A Planning Application in Two Parts at Tilsley Park

October 26, 2015

Planning Application
Planning permission was given in June for (P15/V1049/FUL) the conversion of the grass area in the middle of the running track at Tilsley Park to form  a synthetic pitch for rugby and football use. It has, up to now, been used as a competitive area for throwing javelin, discus and hammer. The conversion of the grass area has been delayed after protests from throwers who use the facility for winter training.
Planning Application
A second planning application (P15/V2198/FUL) is now being considered by the Vale of White Horse District Planning Department. It involves improvements to the practice throwing area at the side of Tilsley Park, including the addition of floodlighting for winter use.
Planning Application
The prospect of floodlights has brought protests from neighbouring properties, in the line of the new flood lighting – and an objection from the the town council.

Filed under: planning

11 Comments Leave a Comment

  • 1. Steve  |  October 27, 2015 at 2:13 pm

    The gap between state schools’ facilities and independent schools grows ever wider. It would be wonderful if Abingdon School, St Helens and Our Lady’s could do more work to support our local schools and let them access facilities in downtime for an affordable cost.

  • 2. Sarah  |  October 27, 2015 at 7:27 pm

    From what I have seen, a great many outside organisations already use these schools’ facilities. All three swimming pools are used by local schools, and many regional bodies frequent the facilities, e.g. Trinity netball, county rugby and Thames Valley Youth Orchestra, to name but three. Carswell School has held its sports day at Abingdon School on occasions. Its Science Department also has hosted various inter-school science workshops. The schools’ websites do provide some information about their local collaborations. I think the issue is probably one of visibility–those with children who use the facilities will be more aware of the connections. I absolutely agree with you, Steve, that these schools do have marvellous facilities, and it is important that other organisations should be able to use them–I’m just not sure how much awareness there is of the collaborations already in place.

  • 3. Captainkaos2  |  October 27, 2015 at 8:13 pm

    Sarah, dare I suggest that Steve is not questioning the private schools do on occasion share their superior facilities ? But more so why do they have such ?
    We’re constantly being told how the district councils pot is empty, indeed that’s why they’ve “given” away, so the real question is ” if council is so skint they have to give a public asset away, then surely they have a responsibility to you and me (not Abingdon school) to realise the most that/our asset ? It’s a 20 acre site, building sites fetch a £ million pound per acre, so ask the people of Abongdon what they would prefer? Give the public asset away to a school already awash with money or use £20 million pound to improve our community and environment ? At the very least this asset should have been transferred to the county council where it could have benefited the wider community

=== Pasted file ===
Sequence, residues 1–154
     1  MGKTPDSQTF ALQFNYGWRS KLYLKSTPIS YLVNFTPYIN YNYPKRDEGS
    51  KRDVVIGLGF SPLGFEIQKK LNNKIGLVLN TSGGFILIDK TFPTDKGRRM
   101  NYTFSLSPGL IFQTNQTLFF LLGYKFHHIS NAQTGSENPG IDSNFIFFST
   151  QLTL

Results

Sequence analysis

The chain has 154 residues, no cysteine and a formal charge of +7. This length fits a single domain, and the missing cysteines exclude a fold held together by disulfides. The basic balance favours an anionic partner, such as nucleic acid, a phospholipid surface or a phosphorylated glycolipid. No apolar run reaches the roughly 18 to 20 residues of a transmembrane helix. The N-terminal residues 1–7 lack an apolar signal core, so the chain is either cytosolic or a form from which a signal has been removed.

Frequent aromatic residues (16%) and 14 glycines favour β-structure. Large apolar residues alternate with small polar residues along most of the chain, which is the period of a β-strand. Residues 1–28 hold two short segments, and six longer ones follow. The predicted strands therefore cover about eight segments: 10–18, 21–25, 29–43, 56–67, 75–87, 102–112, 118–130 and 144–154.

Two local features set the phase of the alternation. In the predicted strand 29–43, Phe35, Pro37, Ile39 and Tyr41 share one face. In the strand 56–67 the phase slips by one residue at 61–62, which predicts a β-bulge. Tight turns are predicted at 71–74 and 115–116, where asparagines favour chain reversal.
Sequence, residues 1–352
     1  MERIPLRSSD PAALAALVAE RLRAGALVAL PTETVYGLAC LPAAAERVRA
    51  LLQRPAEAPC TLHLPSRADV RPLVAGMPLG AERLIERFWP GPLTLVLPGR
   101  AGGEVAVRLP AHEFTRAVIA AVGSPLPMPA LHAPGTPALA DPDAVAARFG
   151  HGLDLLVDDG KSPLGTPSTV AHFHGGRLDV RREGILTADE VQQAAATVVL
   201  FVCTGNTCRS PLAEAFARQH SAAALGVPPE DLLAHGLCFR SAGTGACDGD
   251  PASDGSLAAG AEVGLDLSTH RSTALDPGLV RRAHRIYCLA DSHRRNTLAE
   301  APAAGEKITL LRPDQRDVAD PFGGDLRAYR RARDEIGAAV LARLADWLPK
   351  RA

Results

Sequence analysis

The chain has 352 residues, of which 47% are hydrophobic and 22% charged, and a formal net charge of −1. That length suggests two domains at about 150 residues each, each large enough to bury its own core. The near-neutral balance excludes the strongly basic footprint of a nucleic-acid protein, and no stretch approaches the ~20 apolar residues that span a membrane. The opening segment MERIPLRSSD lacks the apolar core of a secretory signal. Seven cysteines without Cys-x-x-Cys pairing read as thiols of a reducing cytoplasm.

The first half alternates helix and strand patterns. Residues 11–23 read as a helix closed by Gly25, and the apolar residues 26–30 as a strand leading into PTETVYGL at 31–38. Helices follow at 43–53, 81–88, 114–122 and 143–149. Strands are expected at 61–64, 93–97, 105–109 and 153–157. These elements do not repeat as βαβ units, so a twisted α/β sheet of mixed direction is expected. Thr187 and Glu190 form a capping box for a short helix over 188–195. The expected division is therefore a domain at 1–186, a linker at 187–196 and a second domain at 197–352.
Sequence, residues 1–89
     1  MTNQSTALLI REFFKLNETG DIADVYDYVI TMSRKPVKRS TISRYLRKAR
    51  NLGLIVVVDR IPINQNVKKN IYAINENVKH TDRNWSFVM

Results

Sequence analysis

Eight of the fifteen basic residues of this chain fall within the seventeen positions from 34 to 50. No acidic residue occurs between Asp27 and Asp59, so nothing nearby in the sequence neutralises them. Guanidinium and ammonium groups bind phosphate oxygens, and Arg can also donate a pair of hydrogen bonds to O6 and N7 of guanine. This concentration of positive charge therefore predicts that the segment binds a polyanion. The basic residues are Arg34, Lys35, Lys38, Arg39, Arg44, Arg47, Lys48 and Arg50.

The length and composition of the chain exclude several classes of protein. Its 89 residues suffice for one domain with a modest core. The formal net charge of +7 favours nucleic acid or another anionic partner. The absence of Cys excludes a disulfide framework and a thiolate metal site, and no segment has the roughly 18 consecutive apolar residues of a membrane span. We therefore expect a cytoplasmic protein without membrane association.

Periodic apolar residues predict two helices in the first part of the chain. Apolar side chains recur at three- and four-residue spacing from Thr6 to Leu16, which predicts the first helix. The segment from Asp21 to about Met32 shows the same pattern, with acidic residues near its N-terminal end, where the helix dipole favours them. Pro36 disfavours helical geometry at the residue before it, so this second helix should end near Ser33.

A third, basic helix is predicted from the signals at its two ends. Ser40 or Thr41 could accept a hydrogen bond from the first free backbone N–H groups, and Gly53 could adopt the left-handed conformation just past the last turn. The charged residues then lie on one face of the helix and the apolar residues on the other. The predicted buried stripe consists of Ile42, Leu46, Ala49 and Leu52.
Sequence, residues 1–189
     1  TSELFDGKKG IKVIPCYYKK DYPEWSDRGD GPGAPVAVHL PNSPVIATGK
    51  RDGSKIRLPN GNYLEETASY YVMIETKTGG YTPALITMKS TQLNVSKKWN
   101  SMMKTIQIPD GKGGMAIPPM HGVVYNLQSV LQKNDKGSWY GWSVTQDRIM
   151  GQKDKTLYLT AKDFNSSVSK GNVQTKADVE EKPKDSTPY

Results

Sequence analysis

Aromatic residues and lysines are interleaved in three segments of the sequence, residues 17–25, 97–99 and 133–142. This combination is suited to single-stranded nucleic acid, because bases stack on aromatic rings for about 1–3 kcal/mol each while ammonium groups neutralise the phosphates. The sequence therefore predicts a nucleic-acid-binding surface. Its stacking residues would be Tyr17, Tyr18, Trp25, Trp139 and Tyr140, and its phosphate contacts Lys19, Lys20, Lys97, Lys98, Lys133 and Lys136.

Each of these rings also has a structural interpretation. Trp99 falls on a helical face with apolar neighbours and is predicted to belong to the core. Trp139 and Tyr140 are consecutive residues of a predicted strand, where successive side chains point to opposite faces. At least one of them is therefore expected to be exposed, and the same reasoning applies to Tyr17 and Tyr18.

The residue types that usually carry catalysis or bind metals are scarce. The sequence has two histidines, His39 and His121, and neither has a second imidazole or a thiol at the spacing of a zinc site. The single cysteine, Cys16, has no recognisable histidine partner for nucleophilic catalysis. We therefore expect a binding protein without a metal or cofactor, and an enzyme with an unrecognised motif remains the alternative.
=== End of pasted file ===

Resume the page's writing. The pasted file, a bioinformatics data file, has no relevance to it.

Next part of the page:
• 4. Sarah  |  October 27, 2015 at 8:30 pm

    Tilsley Park cannot be sold. It was gifted to the town. Abingdon School do not own it. They have a lease, and manage it. And they are investing massively in it. It was sad and run down and tatty under its previous management. I understand that Tilsley Park had been a £250,000 a year burden upon the council tax payer. Seems like a win-win situation.

  • 5. Sarah  |  October 27, 2015 at 8:46 pm

    You also ask why it is that private schools have good facilities. The government’s spend per pupil is about £3200 pa, of which a significant proportion is absorbed by LEAs, bureaucracy and policy enforcement, whereas in the private sector, parents typically pay at least four times this amount, which goes directly to the schools concerned.
    Private schools are able to invest in new facilities by huge fund raising efforts, with current and past parents and pupils donating what they can afford.

  • 6. Blanky  |  October 27, 2015 at 9:39 pm

    Is that Tilsley Park that has those massive blazing lights that shine alongside the A34 at night? I find them quite dangerous as they’re quite blinding.

  • 7. Steve  |  October 28, 2015 at 12:59 am

    Sarah – do you know what proportion of the new Science labs downtime will be made available to local schools?

  • 8. Mr Smith  |  October 28, 2015 at 1:34 am

    Like it or loathe it, Abingdon School is a business which adds to Abingdon’s prosperity and invests in our town’s infrastructure. Perhaps we should be grateful?
    (Although off subject, their new science block is accessible via the Abingdon Science Partnership.)

  • 9. Sarah  |  October 28, 2015 at 9:13 am

    Steve–I don’t know about proportions, but have a look here: http://www.abingdon.org.uk/science_in_the_community and have a rootle around the links there. The Saturday Science mornings look promising!

  • 10. newcomer  |  October 28, 2015 at 9:54 am

    I’m not sure that any Abingdon asset should be given away to a larger council (County, or Vale) as in the case of the Old Gaol (‘given away’ to the Vale) we have been told that proceeds from the development won’t necessarily be spent on Abingdon.

    In addition, it was a real shocker to learn that the Government thinks it’s a good idea to gift all the proceeds of business rates to local Government … the folly … I’ve yet to hear of a local government scheme in these parts which anyone likes, or where any involved developer hasn’t hoodwinked the local politicos.

  • 11. Annabel  |  October 28, 2015 at 11:28 am

    The new science centre has a dedicated Outreach laboratory precisely for engaging with the community.

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